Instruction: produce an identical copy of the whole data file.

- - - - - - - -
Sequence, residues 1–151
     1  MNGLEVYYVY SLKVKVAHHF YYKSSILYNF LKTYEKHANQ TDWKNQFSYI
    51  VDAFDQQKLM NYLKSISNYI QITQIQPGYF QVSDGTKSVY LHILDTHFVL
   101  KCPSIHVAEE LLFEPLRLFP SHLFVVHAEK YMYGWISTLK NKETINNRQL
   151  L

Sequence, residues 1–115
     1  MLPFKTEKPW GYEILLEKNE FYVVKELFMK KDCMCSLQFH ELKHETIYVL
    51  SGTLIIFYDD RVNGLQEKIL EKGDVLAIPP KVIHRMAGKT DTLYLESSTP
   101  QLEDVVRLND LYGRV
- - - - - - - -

Sequence, residues 1–151
     1  MNGLEVYYVY SLKVKVAHHF YYKSSILYNF LKTYEKHANQ TDWKNQFSYI
    51  VDAFDQQKLM NYLKSISNYI QITQIQPGYF QVSDGTKSVY LHILDTHFVL
   101  KCPSIHVAEE LLFEPLRLFP SHLFVVHAEK YMYGWISTLK NKETINNRQL
   151  L

Sequence, residues 1–115
     1  MLPFKTEKPW GYEILLEKNE FYVVKELFMK KDCMCSLQFH ELKHETIYVL
    51  SGTLIIFYDD RVNGLQEKIL EKGDVLAIPP KVIHRMAGKT DTLYLESSTP
   101  QLEDVVRLND LYGRV